This Chaga Chai recipe has to be one of my favourite things in the whole world. I was all set to publish a post on popsicles this week, when I woke up to a cold and rainy day and decided to shift my focus.
This recipe was influenced by a few different things. When I was working on Meghan Telpner’s Culinary Nutrition Expert program in the fall of 2013, one of the recipes we were asked to prepare was Meghan’s Yogi Tea. I fell in love with her simple and delicious recipe. Another recipe that I cross referenced for my Chaga Chai is from Sarah McLachlan’s Plenty, a wonderful vegetarian cookbook I discovered back in the day in Indigo books while completing my undergrad at Queens University. You can find the recipe for Sarah McLachlan’s chai here. I elected to blend the two recipes when it came to developing my own recipe.
While completing Meghan’s course and David Wolfe’s Nutrition Certification, I began to explore the benefits of super foods, including goji berries and medicinal mushrooms. David Wolfe has dedicated an entire book to the wonders of Chaga, along with an excellent summary of the benefits here. This recipe evolved to include Pau D’arco, a lovely tonic herb that helps boost the immune system and also contains anti-viral and anti-fungal properties, among other benefits. You can find all of these ingredients at Harmonic Arts.
¼ cup dried chaga pieces (or 2 tsp Chaga powder)
¼ cup pau d’arco
2 Tbsp goji berries
2 inch piece ginger, grated*
2 tsp whole cardamom
2 tsp whole cloves
2 tsp whole coriander
2 tsp fennel seeds
¼ tsp amchoor (mango) powder (optional)
1 cinnamon stick
4 cups filtered water
* If you freeze ginger before grating it you’ll end up with a lovely texture and no stringiness – this works with fresh turmeric too!
Combine all ingredients in a pot over low heat for 2+ hours. I like to steep mine using Ron Teeguarden’s 32 oz Glass Tea and Elixir Maker and Candle Tea Warmer, but the stovetop or a crock pot on low heat works as well. Sometimes I will let it steep all afternoon, for a lovely, nutrient filled tonic. Strain through a thin wire mesh strainer and store in the fridge for up to a week.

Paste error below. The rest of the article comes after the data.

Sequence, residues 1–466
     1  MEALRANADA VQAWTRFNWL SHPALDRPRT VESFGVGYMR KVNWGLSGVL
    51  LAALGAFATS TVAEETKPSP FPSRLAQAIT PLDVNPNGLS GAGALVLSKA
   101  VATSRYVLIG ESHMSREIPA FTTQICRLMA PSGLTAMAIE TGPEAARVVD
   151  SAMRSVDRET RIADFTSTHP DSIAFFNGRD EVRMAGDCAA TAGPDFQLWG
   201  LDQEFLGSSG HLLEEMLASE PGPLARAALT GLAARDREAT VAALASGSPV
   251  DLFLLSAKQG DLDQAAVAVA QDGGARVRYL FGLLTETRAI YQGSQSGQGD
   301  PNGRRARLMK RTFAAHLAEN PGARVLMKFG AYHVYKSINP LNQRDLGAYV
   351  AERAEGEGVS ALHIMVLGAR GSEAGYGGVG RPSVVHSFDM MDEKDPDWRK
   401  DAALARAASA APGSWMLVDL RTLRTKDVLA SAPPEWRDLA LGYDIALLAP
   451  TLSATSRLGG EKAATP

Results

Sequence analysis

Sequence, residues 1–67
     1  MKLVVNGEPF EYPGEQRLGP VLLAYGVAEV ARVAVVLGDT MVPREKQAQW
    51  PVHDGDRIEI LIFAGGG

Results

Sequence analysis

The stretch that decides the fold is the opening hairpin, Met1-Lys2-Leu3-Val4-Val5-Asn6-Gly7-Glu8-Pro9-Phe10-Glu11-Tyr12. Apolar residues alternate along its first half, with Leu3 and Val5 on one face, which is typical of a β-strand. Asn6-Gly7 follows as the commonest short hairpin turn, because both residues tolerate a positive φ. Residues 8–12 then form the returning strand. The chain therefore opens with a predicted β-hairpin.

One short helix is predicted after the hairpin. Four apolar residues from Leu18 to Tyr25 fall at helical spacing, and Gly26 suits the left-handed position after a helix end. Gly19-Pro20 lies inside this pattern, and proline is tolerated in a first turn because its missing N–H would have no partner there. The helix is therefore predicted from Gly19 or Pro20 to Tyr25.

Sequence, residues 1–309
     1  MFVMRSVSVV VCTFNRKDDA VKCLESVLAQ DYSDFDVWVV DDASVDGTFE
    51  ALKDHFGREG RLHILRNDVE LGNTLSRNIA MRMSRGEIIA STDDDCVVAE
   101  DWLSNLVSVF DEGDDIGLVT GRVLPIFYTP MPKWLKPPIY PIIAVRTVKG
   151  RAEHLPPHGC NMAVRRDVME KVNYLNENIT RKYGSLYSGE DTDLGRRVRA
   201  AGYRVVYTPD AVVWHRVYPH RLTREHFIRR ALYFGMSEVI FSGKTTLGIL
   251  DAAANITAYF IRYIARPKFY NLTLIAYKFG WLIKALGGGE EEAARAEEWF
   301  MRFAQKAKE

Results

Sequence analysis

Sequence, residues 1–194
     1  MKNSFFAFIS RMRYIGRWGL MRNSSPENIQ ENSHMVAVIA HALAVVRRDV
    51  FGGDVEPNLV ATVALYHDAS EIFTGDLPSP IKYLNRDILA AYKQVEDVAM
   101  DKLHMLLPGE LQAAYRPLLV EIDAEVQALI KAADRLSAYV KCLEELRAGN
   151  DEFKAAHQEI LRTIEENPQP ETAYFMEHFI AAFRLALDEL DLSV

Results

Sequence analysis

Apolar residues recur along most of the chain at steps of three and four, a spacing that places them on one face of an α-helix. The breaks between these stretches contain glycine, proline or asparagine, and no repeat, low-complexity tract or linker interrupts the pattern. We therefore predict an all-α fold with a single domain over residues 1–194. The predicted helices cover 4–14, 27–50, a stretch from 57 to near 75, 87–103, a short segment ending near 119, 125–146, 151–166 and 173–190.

I love to pair my Chaga Chai with homemade nut milk and 1 tsp of maple syrup, although you can feel free to substitute with coconut or seed based milk or another natural sweetener of your choosing (no artificial sweeteners please!) One of my favourite nut milk recipes is as follows:
Quick and Easy Macadamia and Hemp Milk
1 cup macadamia nuts
2 Tbsp hemp seeds
4 cups filtered water
Process in a high speed blender until smooth. A regular blender works too, it might just take a little longer and soaking your nuts in advance would be a good idea! Strain through a fine mesh strainer or nut sack and use immediately, or keep in a sealed jar in the fridge for 3-4 days.
This milk pairs really nicely with vanilla bean powder and a hint of maple syrup. You can also turn this into chocolate milk by adding raw cacao powder and a pinch of sea salt.
This Chaga Chai recipe is also delicious served over ice, if you happen to be experiencing a warm and sunny day today!